"Whereas most Ajax toolkits force developers to learn JavaScript and DHTML [Dynamic HTML], Oracle abstracts the Ajax technologies into a JavaServer Faces render kit, which is offered as part of Oracle ADF Faces," says Ted Farrell, chief architect and vice president of tools and middleware at Oracle. "This means that developers just need to program to the same JSP/JSF APIs they already know, and that the Oracle Ajax render kit will generate the JavaScript, DHTML, SVG [Scalable Vector Graphics], and XMLHttpRequest code that is sent to and from the browser."

Oracle will submit the Ajax render kit to the open source community as a follow-up to a previous donation of JSF components to the Apache MyFaces project. The Oracle Ajax render kit is one of four render kits Oracle offers. The others are HTML, which primarily generates HTML and some JavaScript; Telnet, which takes JSF components and renders them out into telnet; and Mobile, which takes components and renders them for mobile devices.

Oracle ADF Faces and the Oracle Ajax render kits are not the only Oracle tools available for developers working with Ajax. "Oracle JDeveloper 10g provides a wide spectrum of options in terms of what can be built with Oracle ADF technology, so when it comes to Ajax, developers have choices," explains Farrell. "You can program in JavaScript directly, or you can download the Oracle ADF Faces components and the Oracle Ajax render kit, and then you get a very visual, standards-based environment. Oracle JDeveloper adapts to developers' programming styles, so different developers working on the same team can edit exactly the same data in a variety of ways they're most comfortable with."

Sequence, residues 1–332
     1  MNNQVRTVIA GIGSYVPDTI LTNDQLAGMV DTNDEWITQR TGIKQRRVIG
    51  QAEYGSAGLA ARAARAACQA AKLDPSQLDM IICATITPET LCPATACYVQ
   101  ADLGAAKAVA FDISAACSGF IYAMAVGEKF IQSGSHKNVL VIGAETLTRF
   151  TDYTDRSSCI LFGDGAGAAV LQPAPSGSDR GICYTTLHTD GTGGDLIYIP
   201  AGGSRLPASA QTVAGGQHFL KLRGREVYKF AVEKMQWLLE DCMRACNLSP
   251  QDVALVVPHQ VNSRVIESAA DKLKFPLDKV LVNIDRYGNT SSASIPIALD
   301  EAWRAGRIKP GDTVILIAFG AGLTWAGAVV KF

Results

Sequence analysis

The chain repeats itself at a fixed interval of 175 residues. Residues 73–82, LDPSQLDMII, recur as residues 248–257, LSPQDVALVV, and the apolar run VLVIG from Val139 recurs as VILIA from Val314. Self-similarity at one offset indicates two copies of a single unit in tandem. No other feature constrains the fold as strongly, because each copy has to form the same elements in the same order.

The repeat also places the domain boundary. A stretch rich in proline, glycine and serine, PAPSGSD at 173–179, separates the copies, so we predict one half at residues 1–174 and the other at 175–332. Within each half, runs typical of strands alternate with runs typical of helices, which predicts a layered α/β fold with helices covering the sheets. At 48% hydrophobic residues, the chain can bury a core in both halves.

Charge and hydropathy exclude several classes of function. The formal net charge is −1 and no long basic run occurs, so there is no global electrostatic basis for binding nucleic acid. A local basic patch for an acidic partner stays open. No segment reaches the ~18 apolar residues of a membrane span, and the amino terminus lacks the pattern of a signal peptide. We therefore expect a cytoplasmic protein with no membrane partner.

Oracle Backs Open Ajax

Next Steps

READ more about
 A Hype-Free Introduction to Ajax

 JOIN the Ajax community

 DISCOVER Ajax development with Oracle JDeveloper

 DOWNLOAD Oracle JDeveloper and Oracle ADF

Although Oracle recently joined the Open Ajax initiative to promote Ajax, Farrell explains that Oracle's support for Ajax isn't new—Ajax technology has been part of the Oracle Fusion Middleware architecture for more than two years. "Oracle is strongly committed to Ajax technology, and many of our products, including Oracle JDeveloper 10g Release 3, utilize Ajax standards," says Farrell. "As a result, Oracle is making it easier for developers to reap the benefits of Ajax today and in the next generation of application development."

The initial supporting members of the Open Ajax initiative include BEA, Borland, Dojo Foundation, Eclipse Foundation, Google, IBM, Laszlo Systems, Mozilla, Novell, Openwave, Oracle, Red Hat, Yahoo!, Zend, and Zimbra. The initiative promotes Ajax's promise of universal compatibility with any computer device, application, or operating system, and easy incorporation into existing and future software programs.


Rich Schwerin ( is a product marketing manager with Oracle Technology Marketing.